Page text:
With regards to working hours. Nursing staff at least in the community setting here work around 45-50 hours a week as standard at 37.5 hours' worth of pay. I know it to be the same in nearby authorities too. They never get the focus the GPs do for doing it and it's not fair.
     
  9. SirGalahad

    SirGalahad

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    Is your local district nursing staff employed by a private provider? What you will find is that as GPs work load was changing they simply started dropping those parts of the contract they found offered the lower returns which was then picked up by the private health providers where the nurses are just being run into the ground. The amount of churn in district nursing is alarming.
     
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  11. cwhaley

    cwhaley

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    No these are NHS staff -- my partner is a community district nurse employed by the NHS. The trust very rarely bring in bank nurses or private staff as the general decision is to ask for help from other teams who are themselves struggling. I'm not sure how it works in other trusts but I know that using private nurses is not the norm here. You are totally right about the churn!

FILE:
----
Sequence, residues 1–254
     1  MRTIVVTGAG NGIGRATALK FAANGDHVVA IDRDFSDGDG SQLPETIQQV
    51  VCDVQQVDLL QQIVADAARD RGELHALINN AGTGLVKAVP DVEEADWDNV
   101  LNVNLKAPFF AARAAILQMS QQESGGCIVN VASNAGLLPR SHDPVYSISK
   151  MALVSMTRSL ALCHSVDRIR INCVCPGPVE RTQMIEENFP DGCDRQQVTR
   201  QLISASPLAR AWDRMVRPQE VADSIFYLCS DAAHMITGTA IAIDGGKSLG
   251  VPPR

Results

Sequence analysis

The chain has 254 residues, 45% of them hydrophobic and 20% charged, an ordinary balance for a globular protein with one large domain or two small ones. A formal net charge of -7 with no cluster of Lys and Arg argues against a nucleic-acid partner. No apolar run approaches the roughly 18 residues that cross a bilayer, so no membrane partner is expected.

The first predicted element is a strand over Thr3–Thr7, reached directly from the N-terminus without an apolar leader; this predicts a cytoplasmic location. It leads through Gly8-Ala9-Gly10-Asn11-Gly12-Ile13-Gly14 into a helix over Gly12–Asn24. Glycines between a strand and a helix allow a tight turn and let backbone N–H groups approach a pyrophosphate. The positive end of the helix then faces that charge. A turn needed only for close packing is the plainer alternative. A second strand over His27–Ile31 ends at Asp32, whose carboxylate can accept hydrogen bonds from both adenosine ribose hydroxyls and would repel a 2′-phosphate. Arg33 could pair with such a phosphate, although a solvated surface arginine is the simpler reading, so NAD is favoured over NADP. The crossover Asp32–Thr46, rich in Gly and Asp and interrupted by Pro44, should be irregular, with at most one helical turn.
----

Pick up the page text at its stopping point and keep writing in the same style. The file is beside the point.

The "duty of care" that GPs are supposed to have is questionable when they have said in simple terms that they don't want to do "district nursing jobs" anymore. They will do home visits but now don't want to dress or clean wounds as it's below them.

    These views are only the opinion and experience of my household of course. I haven't read any DM articles on this.
     
  12. SirGalahad

    SirGalahad

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    It depends on the district and contract. The problem is that someone at the top was influenced by Mckinsey et al that we could create a healthcare market with contracting work out - it would be a nirvana. The problem has then become organisations have picked and chosen the contracts they want to do creating a disjointed service. Healthcare needs to be integrated - it works more efficiently that way but if you are a free market ideologue then there always has to be a free market solution.
     
  13. They deserve every penny sat all day with so many scratter patients.
     
  14. Nor me. In fact, I'd say due to their ineptness they have made my life considerably worse for the long run. I try not to go to the docs anymore but if I have to, I research before I go in.

    GP surgeries have to pay for referrals and tests and what people forget is that local surgeries are there to make money. So when they make cutbacks, they cutback on all sorts, including sending people off to have scans and see specialists etc and often just give a pill instead. Life changing decisions made for the patient and not duty of care imo.